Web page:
Rural development and IT access
Issued: Fri, 08 Jun 2012 09:40:00 BST
The teeming city of Bangalore in the southwest Indian state of Karnataka is a hub for India’s thriving IT sector. However, the rest of the state is predominantly rural and people have little or no access to ICT (information and communications technology). There is growing concern in India that poor people, especially in rural areas, have benefited very little from the country's rapid economic growth.
Dr Arjunan Subramanian, an economist in the University’s Business School, is conducting a three-year study to look at the role ICT could play in improving rural welfare in India. The study has been funded with £433,00 from the Economic & Social Research Council and the Department for International Development.
Working with Professor Gopal Naik from the Indian Institute of Management in Bangalore, Dr Subramanian plans to set up televisions and computers with broadband access in a number of villages across the state, to provide information that should have an impact on agricultural practices. The information will include weather reports, the type of crop and seeds that would be beneficial to grow, and when and how much fertiliser or pesticide to use.
Dr Subramanian states: 'Our aims are to unravel the linkage between information and agricultural growth, rural development, reduction of poverty, and income and social inequality; and to identify the role of ICT as a potential instrument of rural information and empowerment for inclusive growth.’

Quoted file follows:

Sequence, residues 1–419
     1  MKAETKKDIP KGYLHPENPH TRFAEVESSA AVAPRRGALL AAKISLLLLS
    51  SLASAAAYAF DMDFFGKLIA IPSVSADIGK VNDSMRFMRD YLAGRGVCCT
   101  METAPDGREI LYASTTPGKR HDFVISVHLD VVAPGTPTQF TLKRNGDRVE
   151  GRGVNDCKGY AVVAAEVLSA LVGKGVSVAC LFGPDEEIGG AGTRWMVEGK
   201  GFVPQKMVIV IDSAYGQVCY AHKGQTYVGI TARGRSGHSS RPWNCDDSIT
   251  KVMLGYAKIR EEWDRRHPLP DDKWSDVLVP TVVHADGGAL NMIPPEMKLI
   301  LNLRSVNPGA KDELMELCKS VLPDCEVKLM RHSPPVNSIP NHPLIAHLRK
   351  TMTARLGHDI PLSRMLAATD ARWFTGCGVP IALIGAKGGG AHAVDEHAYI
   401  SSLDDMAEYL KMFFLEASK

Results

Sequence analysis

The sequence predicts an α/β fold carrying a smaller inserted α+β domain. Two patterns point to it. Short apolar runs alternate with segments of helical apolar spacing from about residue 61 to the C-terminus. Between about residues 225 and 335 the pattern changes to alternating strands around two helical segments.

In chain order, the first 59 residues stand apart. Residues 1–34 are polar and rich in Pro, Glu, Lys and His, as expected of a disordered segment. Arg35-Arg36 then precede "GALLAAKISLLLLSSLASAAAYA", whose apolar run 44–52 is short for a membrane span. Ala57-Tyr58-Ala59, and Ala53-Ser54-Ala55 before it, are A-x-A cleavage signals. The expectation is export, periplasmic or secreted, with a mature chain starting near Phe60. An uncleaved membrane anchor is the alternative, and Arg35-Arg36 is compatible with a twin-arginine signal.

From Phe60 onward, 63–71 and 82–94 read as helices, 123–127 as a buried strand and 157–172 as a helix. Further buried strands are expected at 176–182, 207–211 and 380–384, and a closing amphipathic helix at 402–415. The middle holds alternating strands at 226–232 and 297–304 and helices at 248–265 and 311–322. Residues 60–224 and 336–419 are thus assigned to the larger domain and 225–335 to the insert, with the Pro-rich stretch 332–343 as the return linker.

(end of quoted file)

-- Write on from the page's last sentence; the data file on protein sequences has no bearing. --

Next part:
Dr Subramanian intends to involve the farmers in the design of the study by holding discussions with them to find out what information will best suit their needs. He also plans to engage women in this discussion. ‘Society structure says that women have no say in the decision making in the households. But, if you look at the monetary distribution within the household it is clear that the say of women is really important. There are several research pieces that show that if more money within the household is allocated to women then the health and educational outcomes of children in those households are better. This is because women take better care in spending the money on children, while men spend on themselves in alcohol and tobacco consumption. So, we want to hear women’s voices.’
Equally, the caste system continues to play a significant role in Indian culture but specifically in facilitating economic activity. Dr Subramanian thinks that economic inequalities between castes may also be notable in their access to information: 'Our aims are to unravel the linkage between information access and agricultural growth, rural development, reduction of poverty, and income and social inequality; and to identify the role of ICT as a potential instrument of rural information and empowerment for inclusive growth.’
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